By Harvey Sax
I was having a discussion with a hedge fund manager friend of mine about what determines house values and it dawned on me, this is really a complex question. Having been a stock trader for so long, I was quick to jump to the conclusion that a house is worth what someone would be willing to pay for it in a reasonable period of time. I'm not sure what reasonable means but perhaps a sixty to ninety day auction process would determine the real value. Of course there are the various real estate appraisal methods of valuation but that doesn't really interest me. Instead what creates the value?
There is replacement cost value. How much it costs to replicate your house for example if you were fortunate enough for it to burn down and be fully insured. I don't know how you would measure replacement cost any other way since in many areas of the country you can buy used houses far below the replacement cost of your own.
Assuming everything new costs more than something old;ie new shoes, new car, new bike all cost more than their depreciated equivalents. A new house should cost more than an old house. Then there is no impetus to build new houses until you can sell them for more than used ones or more importantly someone is willing to pay more for a new one than a used one.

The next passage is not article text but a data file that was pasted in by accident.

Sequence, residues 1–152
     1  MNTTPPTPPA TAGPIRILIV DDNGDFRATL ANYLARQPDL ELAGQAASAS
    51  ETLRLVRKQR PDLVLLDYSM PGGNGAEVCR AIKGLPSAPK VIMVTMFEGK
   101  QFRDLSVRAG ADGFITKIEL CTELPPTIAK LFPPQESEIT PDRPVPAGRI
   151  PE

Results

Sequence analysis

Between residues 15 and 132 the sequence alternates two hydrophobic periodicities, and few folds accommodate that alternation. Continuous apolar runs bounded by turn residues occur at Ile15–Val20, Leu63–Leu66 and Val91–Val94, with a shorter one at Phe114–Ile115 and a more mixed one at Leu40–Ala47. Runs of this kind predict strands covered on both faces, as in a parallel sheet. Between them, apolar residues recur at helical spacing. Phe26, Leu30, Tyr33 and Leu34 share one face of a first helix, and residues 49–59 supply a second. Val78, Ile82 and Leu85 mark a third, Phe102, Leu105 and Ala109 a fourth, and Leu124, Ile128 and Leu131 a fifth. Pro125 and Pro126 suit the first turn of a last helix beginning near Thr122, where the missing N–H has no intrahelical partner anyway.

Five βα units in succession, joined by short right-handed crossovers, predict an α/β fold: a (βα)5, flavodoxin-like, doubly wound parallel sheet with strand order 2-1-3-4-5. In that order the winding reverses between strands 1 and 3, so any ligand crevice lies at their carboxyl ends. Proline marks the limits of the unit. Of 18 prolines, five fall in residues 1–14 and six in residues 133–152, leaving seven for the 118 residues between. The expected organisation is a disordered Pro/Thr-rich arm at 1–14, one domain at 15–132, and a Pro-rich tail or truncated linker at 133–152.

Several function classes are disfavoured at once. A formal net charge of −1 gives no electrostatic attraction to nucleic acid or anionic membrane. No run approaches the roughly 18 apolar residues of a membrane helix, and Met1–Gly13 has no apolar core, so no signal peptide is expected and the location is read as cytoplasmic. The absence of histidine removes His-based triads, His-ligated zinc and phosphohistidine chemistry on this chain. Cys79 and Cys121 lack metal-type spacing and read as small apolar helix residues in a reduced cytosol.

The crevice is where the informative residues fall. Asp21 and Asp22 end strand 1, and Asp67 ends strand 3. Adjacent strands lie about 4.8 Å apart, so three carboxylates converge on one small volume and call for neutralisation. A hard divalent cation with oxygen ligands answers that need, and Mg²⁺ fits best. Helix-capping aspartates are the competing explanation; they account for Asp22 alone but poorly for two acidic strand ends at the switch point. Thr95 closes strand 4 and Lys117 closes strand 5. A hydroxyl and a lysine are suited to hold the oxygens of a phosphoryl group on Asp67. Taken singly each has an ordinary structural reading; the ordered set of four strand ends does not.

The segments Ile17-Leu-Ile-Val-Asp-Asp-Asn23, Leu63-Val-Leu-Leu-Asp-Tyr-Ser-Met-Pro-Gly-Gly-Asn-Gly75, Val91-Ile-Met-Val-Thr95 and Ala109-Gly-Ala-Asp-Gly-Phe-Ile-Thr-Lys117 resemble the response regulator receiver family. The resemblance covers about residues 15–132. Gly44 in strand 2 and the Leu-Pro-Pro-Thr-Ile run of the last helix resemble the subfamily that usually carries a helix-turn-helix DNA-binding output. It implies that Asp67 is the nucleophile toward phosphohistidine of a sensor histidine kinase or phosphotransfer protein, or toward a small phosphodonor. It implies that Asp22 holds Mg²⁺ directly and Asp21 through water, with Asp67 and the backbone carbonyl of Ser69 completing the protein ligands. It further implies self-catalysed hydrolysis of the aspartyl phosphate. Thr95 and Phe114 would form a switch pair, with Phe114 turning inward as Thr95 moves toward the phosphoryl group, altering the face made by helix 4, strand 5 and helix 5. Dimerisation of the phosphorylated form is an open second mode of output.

Supply demand theory then comes into play. If you can buy cheaper than you can build, then no one builds. Unless you can't buy exactly what you want to build. So in part it's an emotional decision and not necessarily an economic decision. No wonder that the woman in the household plays such a critical role in the housing purchase decision.
Is it a necessity buy? You have to have some place to live, right? So is this an economic decision- buy versus rent? Or is it a quality of life and again an emotional decision? If that's the case the general economy has a huge role in the purchase decision. When economic times are good, people feel better about trading up.
Since you can always rent out a house for some price, there is a revenue stream associated with a house. You could apply a commonly recognized discounted cash flow analysis and come up with some value.
Government policy may be a determining factor. You may have to factor in tax savings into that equation as owning a house is a very significant taxable income deduction.
But that begets an even bigger economic question, what's the definition of good times? Inflation eats away at purchasing power but probably is one of the biggest factors in house appreciation.
Ugh, I don't seem to be getting anywhere in this analysis. No wonder I'm sticking to stocks. At least I can sell it tomorrow if I can't tell what it's worth.
Recommended reading: Bubble Meter blog
This was a timely chart by Robert Shiller presaging the house price collapse in 2006
By Harvey Sax